Dear members of the depth psychology community, 

Like many of you, I was stunned by the outcome of the U.S. Presidential election yesterday, November 8, and have spent the day mourning for so many things that feel like they have been lost. As a woman, I am keenly aware that the moment for electing our first woman president has evaporated, but on a much deeper level, I am also profoundly distressed by the election of someone who is so clearly disrepectful of women and lacks compassion and understanding for so many who are marginalized, including other minorities, other species, and planet itself. I wonder how all these deep feelings, including anger, are going to be manifest in coming weeks, months, and years.

Like some of you, also, I seem to bounce between feeling numb and being distraught, even questioning on some level what role I play in all of this, and whether the calling I feel to make depth psychology more accessible in the world actually does a bit of good on some many levels. And yet, I know I must have hope: hope for our future, for our young people and generations to come; for everyone who is suffering and will continue to suffer in the face of a political system that favors certain groups over others. 

We live in a world that is as challenged as it has ever been, and yet I maintain a powerful faith in the patterns at work in a world where change is the only constant. I know there is something bigger at work. I am certain I see only a narrow slice of what's at work. I believe in the idea that nature is constantly reaching out to us to pull us back from the brink of extinction (an idea I first encountered in Jerome Bernstein's groundbreaking work, Living in the Borderland.) Some part of me wonders if Donald Trump had to be elected because it will serve as a catalyst to something new; because people will be more innovative in creating change, be inspired to action in a different way, collaborate together with those they may not have engaged with before.

Ten years ago I experienced a profound awakening of my own—so powerful it sent me into what Stan Grof aptly terms "spiritual emergency"—basically, when something spiritual happens that sends one spiraling into emergency. Somehow, at that time, I believe I managed to tap into something bigger than me, a pattern at work in which I play a part and which is playing out not only for the good of each of us individually, but for us as a collective, a species which is resilient, conscious, and able to evolve and learn and love one another. What I experienced then was a taste of what we truly are as divine souls, and the stunning realization that as earthly beings caught up in human bodies and conditioned by culture outside our control, we have truly "settled" for something we can't begin to grasp. Each of us is different, and perceives our lives on earth in different ways, and we each must find our way to carry the torch for new beginnings, for hope in humanity, for belief that we can truly evolve as a species. I think being willing to participate in community is one of the ways these things can manifest. I hope you believe that too.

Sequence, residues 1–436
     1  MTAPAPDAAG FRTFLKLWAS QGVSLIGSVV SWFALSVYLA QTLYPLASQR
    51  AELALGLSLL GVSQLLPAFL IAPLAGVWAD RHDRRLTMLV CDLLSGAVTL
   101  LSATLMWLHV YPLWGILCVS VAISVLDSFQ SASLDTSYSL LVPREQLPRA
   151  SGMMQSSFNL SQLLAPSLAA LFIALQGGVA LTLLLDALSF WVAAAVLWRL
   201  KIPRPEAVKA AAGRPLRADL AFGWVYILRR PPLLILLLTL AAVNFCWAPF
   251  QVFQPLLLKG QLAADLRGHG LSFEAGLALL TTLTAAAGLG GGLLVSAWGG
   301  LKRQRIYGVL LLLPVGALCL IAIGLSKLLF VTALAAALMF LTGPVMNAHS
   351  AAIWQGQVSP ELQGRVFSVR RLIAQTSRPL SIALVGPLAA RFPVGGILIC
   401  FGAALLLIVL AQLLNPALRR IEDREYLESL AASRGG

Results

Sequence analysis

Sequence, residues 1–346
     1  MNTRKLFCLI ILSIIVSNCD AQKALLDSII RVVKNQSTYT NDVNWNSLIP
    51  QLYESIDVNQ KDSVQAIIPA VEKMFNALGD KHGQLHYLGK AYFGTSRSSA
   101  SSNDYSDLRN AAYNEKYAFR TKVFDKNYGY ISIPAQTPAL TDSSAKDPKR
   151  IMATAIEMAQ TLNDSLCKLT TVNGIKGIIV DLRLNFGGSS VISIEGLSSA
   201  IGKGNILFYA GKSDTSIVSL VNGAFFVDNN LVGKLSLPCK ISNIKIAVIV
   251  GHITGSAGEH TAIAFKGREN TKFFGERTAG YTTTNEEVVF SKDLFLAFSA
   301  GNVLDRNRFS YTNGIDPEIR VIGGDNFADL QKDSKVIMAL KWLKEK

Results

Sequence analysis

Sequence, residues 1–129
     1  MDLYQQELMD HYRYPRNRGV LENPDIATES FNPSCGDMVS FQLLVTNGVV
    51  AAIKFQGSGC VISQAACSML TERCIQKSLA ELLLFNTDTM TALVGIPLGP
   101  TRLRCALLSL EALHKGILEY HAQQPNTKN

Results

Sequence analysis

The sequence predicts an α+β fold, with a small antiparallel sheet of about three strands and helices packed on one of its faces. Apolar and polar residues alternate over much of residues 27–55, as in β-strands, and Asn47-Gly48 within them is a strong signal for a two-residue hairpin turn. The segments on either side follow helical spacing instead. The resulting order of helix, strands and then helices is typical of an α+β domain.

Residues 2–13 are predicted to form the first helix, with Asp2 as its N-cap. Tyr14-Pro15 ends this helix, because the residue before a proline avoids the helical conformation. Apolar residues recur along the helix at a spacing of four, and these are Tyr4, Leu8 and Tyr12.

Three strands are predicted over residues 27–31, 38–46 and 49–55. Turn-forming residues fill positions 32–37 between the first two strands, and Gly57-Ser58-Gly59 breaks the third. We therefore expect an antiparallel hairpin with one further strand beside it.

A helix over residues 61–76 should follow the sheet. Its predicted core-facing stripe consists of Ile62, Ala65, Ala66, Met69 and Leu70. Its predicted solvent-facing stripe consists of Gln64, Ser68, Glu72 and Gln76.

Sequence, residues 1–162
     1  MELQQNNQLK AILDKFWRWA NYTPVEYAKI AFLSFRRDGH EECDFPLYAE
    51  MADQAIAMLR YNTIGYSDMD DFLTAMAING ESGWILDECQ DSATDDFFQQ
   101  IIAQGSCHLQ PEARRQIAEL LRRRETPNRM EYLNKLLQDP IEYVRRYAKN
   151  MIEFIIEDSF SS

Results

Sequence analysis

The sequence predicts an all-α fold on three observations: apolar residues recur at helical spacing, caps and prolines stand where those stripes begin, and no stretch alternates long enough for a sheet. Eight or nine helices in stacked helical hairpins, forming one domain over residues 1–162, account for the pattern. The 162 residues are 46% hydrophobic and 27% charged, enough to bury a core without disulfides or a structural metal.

If anyone feels moved to share your own thoughts and feelings about all of this, please feel free to respond below. If you have criticisms or comments on political parties or policies, maybe your forum is elsewhere. If you wish to provide a depth psychological response or lens, or simply an authentic contribution (it could even be in the form of art or poetry), please respond below, and let us each hold one another in love, compassion, and a willingness to hold the tension as much as we possibly can.

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  • This conference took place before the election, obviously, but may be of interest:

    Free Access to Conference Papers: “Politics, Culture, Soul: A National Conference on the Psychology of the 2016 Presidential Election” hosted by Jung Institute of San Francisco, October 14-15, 2016. Click here for details and the link

    Free Access to Conference Papers: “Politics, Culture, Soul: A National Conference on the Psychology…
    Passing along some news posted by PGIAA-Pacifica Graduate Institute Alumni Association, with many thanks for making it available. On October 14-15,…